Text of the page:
The film won Chang Cheh the Best Director Award at the 16th Asian Film Festival and made a star out of David Chiang, who became the first Hong Kong actor to win the Best Actor Award at the same festival.

Fist of Fury

精武门 (jīng wǔ mén) (1972)

After a decade in America, Bruce Lee returned to Hong Kong in 1971 on a two-picture deal with Shaw Brothers rivals Golden Harvest. Ni played a part in the movie star’s meteoric rise in Asia. For The Big Boss and Fist of Fury, Lee’s two major films under the new contract, Ni was invited by Golden Harvest to create the central characters played by Lee and the main storylines — though the writing credit for both films eventually went to the director, Lo Wei (罗維 Luó Wéi).

In Fist of Fury, Bruce Lee’s Chén Zhēn 陈真 is introduced as a student of the distinguished kung fu master Huo Yuanjia, who, after discovering the death of his teacher at the hands of Japanese imperial soldiers, unleashes his furious fists in 1930s colonial Shanghai. Built on the theme of Chinese nationalism, the movie features the iconic scene of Chen Zhen singlehandedly taking on an entire Japanese dojo before defiantly declaring that “We are not sick men!” a direct reference to the derogatory epithet “Sick Man of Asia” (东亚病夫 dōngyàbìngfū) used by the Japanese against the Chinese people during their occupation of the country.

Interestingly, Ni’s real-life relationship with Chinese patriotism is more complicated. Born in 1935 to a working-class family in Shanghai, Ni was a cadre of the Chinese Communist Party when he was a teenager, working as a public security officer among many roles. But over the years, Ni grew disillusioned with the Party. After a few incidents where he offended his supervisors at work, Ni decided to flee to Hong Kong in 1957 — and he never set his foot in mainland China afterwards.

The 36th Chamber of Shaolin

少林三十六房 (Shàolín sānshíliù fáng) (1978)

Regularly considered one of the most quintessential kung fu movies that defined the genre, The 36th Chamber Of Shaolin starred Gordon Liu as an unconventional student at a Shaolin temple, where he passes through successive stages of training, each referred to as a chamber, in order to achieve mastery and overthrow a tyrannical government that slaughtered his family.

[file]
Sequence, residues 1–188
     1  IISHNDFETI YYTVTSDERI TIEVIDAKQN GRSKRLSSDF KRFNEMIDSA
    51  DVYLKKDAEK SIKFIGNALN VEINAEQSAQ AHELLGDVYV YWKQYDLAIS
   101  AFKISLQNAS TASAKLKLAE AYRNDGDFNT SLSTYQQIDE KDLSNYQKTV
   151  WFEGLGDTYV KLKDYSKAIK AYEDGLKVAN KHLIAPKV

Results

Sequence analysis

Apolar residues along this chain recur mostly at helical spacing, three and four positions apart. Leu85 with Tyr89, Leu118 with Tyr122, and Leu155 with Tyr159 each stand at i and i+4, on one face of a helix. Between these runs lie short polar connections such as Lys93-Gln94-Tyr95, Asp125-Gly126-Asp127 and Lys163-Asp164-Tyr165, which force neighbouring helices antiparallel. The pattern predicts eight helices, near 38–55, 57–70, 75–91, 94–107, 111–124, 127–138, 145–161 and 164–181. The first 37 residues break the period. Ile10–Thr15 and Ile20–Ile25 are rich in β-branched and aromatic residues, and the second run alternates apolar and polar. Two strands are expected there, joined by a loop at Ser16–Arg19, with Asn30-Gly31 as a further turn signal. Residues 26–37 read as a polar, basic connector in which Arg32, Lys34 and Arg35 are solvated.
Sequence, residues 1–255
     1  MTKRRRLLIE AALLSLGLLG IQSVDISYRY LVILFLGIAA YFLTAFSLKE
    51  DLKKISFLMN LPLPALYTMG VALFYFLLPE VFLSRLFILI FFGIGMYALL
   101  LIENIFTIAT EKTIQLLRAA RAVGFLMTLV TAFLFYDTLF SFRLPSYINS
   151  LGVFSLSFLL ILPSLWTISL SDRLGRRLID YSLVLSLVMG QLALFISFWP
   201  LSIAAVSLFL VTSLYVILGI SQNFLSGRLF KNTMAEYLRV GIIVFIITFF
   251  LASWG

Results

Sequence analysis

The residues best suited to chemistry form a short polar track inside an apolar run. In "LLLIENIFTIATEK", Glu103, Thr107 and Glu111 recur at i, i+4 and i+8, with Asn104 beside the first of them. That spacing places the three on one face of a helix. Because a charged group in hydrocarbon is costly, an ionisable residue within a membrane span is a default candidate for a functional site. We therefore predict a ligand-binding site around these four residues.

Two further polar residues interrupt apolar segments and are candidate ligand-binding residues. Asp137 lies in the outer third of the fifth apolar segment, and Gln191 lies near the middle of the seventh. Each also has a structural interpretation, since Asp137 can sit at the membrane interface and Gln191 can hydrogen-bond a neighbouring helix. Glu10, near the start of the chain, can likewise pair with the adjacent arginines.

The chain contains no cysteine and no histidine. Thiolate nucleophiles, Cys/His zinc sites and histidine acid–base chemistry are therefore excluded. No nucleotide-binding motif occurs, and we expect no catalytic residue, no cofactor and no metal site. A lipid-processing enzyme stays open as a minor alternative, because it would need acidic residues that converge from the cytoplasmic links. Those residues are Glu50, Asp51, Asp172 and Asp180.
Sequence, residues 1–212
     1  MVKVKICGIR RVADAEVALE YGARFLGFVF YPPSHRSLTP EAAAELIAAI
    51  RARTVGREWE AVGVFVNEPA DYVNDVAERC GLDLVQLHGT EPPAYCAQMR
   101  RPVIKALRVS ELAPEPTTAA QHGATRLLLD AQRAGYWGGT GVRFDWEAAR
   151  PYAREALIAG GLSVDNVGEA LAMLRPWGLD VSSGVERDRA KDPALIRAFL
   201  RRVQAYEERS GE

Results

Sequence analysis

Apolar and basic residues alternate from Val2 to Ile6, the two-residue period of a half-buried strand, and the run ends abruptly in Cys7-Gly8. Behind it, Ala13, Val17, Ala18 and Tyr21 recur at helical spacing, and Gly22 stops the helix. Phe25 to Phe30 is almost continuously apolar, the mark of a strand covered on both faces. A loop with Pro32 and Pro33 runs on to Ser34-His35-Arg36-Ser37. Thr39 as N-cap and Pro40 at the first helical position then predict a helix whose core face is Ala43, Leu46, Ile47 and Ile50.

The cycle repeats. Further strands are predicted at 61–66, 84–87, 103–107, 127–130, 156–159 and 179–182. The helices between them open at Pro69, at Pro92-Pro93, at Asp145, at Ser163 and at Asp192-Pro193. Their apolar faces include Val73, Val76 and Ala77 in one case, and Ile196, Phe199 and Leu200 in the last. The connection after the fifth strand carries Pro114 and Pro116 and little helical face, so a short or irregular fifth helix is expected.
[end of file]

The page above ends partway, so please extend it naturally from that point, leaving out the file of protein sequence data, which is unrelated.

Immortalized as the inspiration for the debut studio album by American hip hop group Wu-Tang Clan (its de facto leader RZA said in a 2016 interview that he had watched the movie more than 300 times), The 36th Chamber Of Shaolin, which contains perhaps the longest training sequence of any martial arts movie to date, was one of the earliest kung fu films to be imported to Western shores.

Enter the Fat Dragon

肥龙过江 (féi lóng guò jiāng) (1978)

Ni Kang was not involved in the making of Enter the Dragon, Bruce Lee’s only Hollywood martial arts production, which was released shortly after his death in 1973. But Ni found his unique way to pay tribute to the kung fu superstar in 1978’s Enter the Fat Dragon, an action-comedy film that delivered a satirical jab at the Bruceploitation phenomenon of the 1970s, when an endless stream of Lee clones and impersonators emerged to capitalize on the sudden passing of the actor.

Starring and directed by Sammo Hung (Hóng Jīnbǎo 洪金宝), Enter the Dragon follows an overweight pig farmer and Bruce Lee fanatic named Ah-Lung (阿龙 ālóng). As he leaves the farm and moves to Hong Kong to work for his uncle’s food stall, Ah-Lung realizes that what’s acceptable in Bruce Lee movies doesn’t mirror what’s actually acceptable in the city.